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4 Ways Of Accessing HTML Elements In The DOM

zaiste profile image Zaiste ・3 min read

The DOM (Document Object Model) is a representation of a web page. It is a combination of elements that form a HTML document. Thanks to the DOM, programs can change the structure and content of a web document.

You can access HTML elements in a document by type, their attributes or using a unique identifier. In this article we will go over the 4 ways of accessing elements in the DOM.

Accessing Elements by Unique Identifier (ID)

The most direct way of accessing an element is by using a unique identifier. Since the identifier is unique, this approach will always return a single element.

Let's consider the following snippet of HTML:

<h1 id="title">This is a uniquely identified title</h1>
<div id="content">
...
</div>

We can access each of these elements by using the getElementById of the document object, e.g.

const title = document.getElementById('title');
console.log(title);

Once you display that element it will return back the corresponding HTML tag content.

It is important to remember that HTML elements cannot use the same ID twice on the web page.

Accessing Elements by Class

Another way of accessing elements on a web page is by identifying them via the values of the class attribute. Since the class values don't have to be unique, this approach allows targeting more than one element at once.

Let's consider the following snippet of HTML:

<ul>
<li class="person">J. C. R. Licklider</li>
<li class="person">Claude Shannon</li>
...
</ul>

We can access all the li elements at once using the getElementsByClassName of the document object, e.g.

const pioneers = document.getElementsByClassName('person');

The pioneers variable is a collection (an array) of HTML elements. Also, note that the getElementsByClassName name uses the the plural form (Elements). The getElementById, however, uses the singular form (Element ).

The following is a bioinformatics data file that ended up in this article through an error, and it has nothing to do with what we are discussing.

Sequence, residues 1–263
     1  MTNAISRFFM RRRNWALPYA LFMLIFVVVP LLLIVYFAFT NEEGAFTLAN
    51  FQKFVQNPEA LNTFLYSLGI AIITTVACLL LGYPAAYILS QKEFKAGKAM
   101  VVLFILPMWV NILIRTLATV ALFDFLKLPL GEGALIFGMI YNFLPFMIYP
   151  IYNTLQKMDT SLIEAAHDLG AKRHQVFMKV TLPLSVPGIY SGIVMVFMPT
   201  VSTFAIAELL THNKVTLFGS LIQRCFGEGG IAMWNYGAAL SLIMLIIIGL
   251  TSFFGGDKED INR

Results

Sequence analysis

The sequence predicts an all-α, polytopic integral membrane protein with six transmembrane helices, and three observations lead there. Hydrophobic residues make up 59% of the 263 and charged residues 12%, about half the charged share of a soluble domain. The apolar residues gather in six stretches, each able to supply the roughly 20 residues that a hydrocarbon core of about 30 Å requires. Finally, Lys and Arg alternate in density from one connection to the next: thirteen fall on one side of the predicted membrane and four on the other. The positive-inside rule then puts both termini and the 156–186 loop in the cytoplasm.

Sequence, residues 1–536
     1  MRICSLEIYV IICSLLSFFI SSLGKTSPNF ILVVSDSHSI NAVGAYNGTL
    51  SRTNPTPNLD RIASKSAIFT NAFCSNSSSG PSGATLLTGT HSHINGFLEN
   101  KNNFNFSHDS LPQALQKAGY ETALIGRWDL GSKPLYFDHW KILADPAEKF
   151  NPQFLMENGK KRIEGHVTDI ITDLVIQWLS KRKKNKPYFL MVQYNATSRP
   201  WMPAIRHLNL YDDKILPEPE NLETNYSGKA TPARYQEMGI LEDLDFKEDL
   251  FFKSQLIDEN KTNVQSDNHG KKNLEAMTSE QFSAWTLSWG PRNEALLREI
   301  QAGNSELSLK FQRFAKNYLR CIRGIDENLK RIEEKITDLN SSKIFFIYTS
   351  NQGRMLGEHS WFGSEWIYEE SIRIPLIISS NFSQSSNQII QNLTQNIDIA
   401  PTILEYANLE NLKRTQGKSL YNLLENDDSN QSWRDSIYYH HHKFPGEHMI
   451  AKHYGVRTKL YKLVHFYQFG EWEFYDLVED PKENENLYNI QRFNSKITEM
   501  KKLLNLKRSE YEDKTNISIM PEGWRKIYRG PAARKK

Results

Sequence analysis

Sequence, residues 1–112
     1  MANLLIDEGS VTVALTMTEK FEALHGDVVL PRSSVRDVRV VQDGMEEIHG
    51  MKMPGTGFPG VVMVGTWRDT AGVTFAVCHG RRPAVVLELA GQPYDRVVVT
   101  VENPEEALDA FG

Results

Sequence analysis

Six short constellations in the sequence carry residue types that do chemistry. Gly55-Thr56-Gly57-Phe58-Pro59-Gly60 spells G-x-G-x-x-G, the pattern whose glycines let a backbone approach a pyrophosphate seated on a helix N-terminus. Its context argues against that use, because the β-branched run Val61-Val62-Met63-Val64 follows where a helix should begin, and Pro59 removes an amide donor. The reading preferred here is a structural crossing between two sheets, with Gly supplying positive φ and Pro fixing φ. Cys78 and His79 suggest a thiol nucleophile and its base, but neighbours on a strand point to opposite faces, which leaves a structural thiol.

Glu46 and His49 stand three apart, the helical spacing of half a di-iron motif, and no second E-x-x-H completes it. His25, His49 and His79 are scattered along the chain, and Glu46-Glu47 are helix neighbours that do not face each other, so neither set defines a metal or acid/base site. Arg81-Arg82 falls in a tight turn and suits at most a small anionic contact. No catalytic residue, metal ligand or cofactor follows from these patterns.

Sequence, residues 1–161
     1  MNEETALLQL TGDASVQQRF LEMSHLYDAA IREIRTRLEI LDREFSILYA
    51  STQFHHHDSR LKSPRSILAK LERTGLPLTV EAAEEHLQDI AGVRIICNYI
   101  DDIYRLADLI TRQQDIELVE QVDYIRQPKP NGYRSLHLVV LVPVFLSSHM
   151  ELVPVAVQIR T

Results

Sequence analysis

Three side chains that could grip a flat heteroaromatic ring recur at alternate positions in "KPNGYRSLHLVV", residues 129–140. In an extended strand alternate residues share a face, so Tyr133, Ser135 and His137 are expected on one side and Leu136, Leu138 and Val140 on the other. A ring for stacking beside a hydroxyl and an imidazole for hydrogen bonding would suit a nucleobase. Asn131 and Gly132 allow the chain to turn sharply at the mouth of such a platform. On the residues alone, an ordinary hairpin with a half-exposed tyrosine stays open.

Accessing Elements by Tag

There is also a way to access elements on a web page by the tag name. This approach is less specific and rarely used in practice as a result.

Let's consider the same snippet of HTML:

<ul>
<li class="person">J. C. R. Licklider</li>
<li class="person">Claude Shannon</li>
...
</ul>

We can access all the li elements at once using the getElementsByTagName of the document object, e.g.

const pioneersAndMore = document.getElementsByTagName('li');

This approach will also return a collection (an array) of elements. On top of that it will return each and every li tag in the document. If we happen to have another list on that page, but with different classes, this will also return them.

Accessing Elements by CSS Selector

A CSS selector is a codified way to identify various HTML elements on a web page. The IDs must be prefixed with the # sign while classes with the . sign, e.g. #title and .person to identify the title and the pioneers from the previous examples. These are the most basic ways for element identification. CSS Selectors are much more powerful than that.

Let's consider the following snippet of HTML:

<h1 id="title">Internet Pioneers</h1>
<ul>
<li class="person">J. C. R. Licklider</li>
<li class="person">Claude Shannon</li>
...
</ul>

We can now access both the title and the list elements using the query methods of the document object. There is the querySelector method to access a single element and querySelectorAll to access more than one element:

const title = document.querySelector('#title');
const pioneers = document.querySelectorAll('.person');

Also, the querySelectorAll returns a static collection while all the getElements* methods return live collections. A live collection will auto-update once there are some changes on the web page (e.g. in response to another JavaScript program adding new elements that match the criteria of those methods).


This is a concise introduction to working with HTML using JavaScript. We went over some essential ways of accessing HTML elements on a web page. This should provide a good base and a staring point to the further explore the wonderful world of the web browser.

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